3. HELP WANTED: This boycott also advertises the desire for potential buying during Black Friday. Instead of buying from corporations, invest in Black-Owned businesses. The problem here lies in the realization of actually finding necessities in the hands of Black-owned businesses. While preparing and researching for the boycott, I began to research places that I might be able to buy things that I would have to buy if all else fails. Some things would not be able to be bought because they are not Black owned. With learning all of this, it was pretty clear that more industries that provide necessities are not Black-owned, and thats a problem. At this rate, we are not able to function without White businesses and corporations. This boycott should allow future Black business owners to realize that we need capital in many different industries like agriculture, banking, and much more if we plan to devalue power in corporations. Let’s start creating these stores and own competitive markets. If you are a future Black entrepreneur, help is definitely wanted by creating trade in these areas. This boycott is allowing us to see the disconnect. 

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In the end, this amazing movement will allow us to serve two purposes: showing the world how much we matter, and showing ourselves our dominion over our finances and business. 

Livestrong: Why the Cancer of Injustice Lives On

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Everything hidden in darkness must come to light. This seems to be a relevant saying, considering the recent phenomenon of racial and gender scandals in the media. That means bigotry in the NBA, new domestic violence reports, and growing evidence of racist police forces. But when light shines on an issue, do we look for the roots of the issue or do we just just follow the headlines?

Follow the patterns. We are fooled into thinking justice has taken place, when time and time again systems are simply punishing behaviors and people who got caught, instead of the thinking and philosophies that led to those behaviors. Instead of healing, we treat symptoms. We medicate. In a similar way, when we correct people–racists, abusers, etc–all we tend to correct is behavior. People then adopt rules: don’t say nigger, don’t hit a woman, don’t do this, don’t do that. We never correct the way the dominating culture thinks. There are systems of thought and control laced in our political, economic, and religious culture.  The monster you see peeking its head in recent scandals is only a symptom of the great cancer that lies in our systems of thought. If we never plan on attacking a way of thinking, that monstrous cancer continues to live–police brutality, racism (in the economic, judicial, and political world),  domestic violence, even so called abortion rights. The root of all our issues seems to be the ancient storyline: one group of people thinks it is superior than another, and essentially that they are more human–or that they are the real humans, and the others are not. The self perceived superior group either cannot see the others’ humanity or they undervalue that humanity.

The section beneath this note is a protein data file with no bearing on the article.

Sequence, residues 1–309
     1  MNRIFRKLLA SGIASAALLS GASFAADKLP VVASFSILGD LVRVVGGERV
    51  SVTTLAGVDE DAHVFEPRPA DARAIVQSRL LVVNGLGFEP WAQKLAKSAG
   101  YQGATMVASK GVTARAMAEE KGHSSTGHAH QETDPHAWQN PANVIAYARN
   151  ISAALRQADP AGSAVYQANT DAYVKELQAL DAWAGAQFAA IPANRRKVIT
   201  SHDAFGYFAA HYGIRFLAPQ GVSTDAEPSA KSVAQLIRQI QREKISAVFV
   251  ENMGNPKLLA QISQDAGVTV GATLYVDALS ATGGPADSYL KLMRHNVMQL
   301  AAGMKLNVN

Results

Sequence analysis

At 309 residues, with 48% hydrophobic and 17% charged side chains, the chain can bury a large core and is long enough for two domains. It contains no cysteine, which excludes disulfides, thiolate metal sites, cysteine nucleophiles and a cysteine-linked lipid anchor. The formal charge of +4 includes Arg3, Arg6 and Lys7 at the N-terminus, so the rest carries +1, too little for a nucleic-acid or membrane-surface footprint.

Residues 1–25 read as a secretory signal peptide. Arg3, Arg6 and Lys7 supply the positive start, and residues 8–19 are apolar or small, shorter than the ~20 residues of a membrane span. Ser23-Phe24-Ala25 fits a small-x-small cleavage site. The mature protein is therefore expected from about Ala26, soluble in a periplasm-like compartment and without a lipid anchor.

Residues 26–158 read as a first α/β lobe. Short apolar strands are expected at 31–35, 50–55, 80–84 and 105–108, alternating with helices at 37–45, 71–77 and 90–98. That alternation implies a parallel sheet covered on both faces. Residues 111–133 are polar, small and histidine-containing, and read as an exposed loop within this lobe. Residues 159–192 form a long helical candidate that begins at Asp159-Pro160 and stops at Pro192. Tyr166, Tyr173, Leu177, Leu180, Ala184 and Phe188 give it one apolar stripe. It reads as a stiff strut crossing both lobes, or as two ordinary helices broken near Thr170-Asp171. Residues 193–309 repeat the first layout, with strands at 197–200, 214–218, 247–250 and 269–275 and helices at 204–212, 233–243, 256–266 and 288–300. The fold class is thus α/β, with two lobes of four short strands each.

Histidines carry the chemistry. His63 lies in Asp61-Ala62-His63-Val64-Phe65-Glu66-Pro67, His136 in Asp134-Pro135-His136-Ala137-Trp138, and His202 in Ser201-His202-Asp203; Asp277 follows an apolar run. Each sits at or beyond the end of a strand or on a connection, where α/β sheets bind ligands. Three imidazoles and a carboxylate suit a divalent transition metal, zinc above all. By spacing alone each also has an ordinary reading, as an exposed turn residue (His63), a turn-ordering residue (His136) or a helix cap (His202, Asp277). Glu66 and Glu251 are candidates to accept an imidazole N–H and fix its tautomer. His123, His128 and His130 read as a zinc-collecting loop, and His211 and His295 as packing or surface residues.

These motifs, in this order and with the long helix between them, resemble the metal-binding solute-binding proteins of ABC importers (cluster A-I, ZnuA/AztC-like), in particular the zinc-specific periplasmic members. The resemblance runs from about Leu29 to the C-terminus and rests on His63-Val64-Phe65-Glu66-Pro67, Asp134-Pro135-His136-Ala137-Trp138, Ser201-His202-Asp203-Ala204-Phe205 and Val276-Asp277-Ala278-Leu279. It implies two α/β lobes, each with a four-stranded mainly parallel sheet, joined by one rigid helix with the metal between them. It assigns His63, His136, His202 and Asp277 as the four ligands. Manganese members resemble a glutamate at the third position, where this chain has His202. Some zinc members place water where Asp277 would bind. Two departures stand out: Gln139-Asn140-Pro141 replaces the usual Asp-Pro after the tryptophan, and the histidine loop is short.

Some people only see  only race, gender, or ethnic group. Today, whole systems of governance and socialization have normalized this view. The cancer seems to have been dormant, with a few complaints from its underclass. Today, however, the evidence is in the blood on our streets. Trayvon Martin, Michael Brown, Renisha McBride, Janay Rice, and so many more.

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In pursuing the cause for these atrocities, we point to all the wrong things: the victims themselves, the racist cop, the scared neighborhood watch, etc. For me it boils down to one thing: were these victims seen as people. On the contrary, the personhood of each of these people seems to have been in question, or at the very least it had to be proven.

They tried to show Trayvon Martin was sweet and made good grades. They said Michael was going to college. Every one of those efforts is to make the victim more relateable, more human to the average white public–as if them being human was not enough! There is a gap in the viewed personhood of a white 17 year old and a black 17 year old, in a beaten woman and the man who beat her, in a daughter from the Hamptons and a daughter from Detroit. I will skip the cute stuff, and say why. The measure of humanity and personhood is often dictated by a few things:
1. Whiteness, and one’s relation to it
2. The male sex, and one’s relation to it
3. Economic stability

Somehow, if you fail in anyway to have a father, or to come from an economically sound background, or you look a little too different–you lose the function of the mass culture’s ability to relate to you as a person. Your personhood erodes. Your humanity is in question. Tommy, we see. Rachel we can vouch for, but Tamika must prove to me that she is deserving.

Some of the greatest atrocities done to people happened because some one  thought the other was a little less human. Once you are capable of thinking someone else is less than human, then you are the one capable of great inhumanities towards people. The Transatlantic Slave Trade, the Holocaust, the Rwandan Genocide, and so much more. Each of the people group victimized were thought less, just a little less, than full human beings.

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There is something particularly sick with a society that cannot see the humanity of those different from their perceived selves. The symptoms of that sickness shows itself in the numerous displays of injustice towards black men and women in this country. Yet, we have an opportunity. A major light is shining on issues we have always known, all too well in fact, but were unable to protest due to lack of evidence and following.

Now we have all the evidence of the cancer inside our country.  We have all the following of the general public. What do we do? We point only to the symptoms. We take a little tylenol for the runny nose. We point at the thinning hair here and there. We cut breats off. We tell the weak parts of the body that the cancer is their own fault. “Finger, you must let go of the past.” “Foot, well If you just looked like the hand, you know not so threatening.” We don’t get healing, we get quick fixes. We don’t call for justice, we call for  sacrifice. We sacrifice all the wrong people.

We let the cancer survive. We let the erroneous thinking, that is, the root of injustice live. We forget that it is living inside us. We do not attack the cancer itself, the harmful thinking that is the cause of the deaths of young people, the oppression of women, the imprisonment of minorities, etc. We let the cancer live. We bill it and we let it give commentary on the news.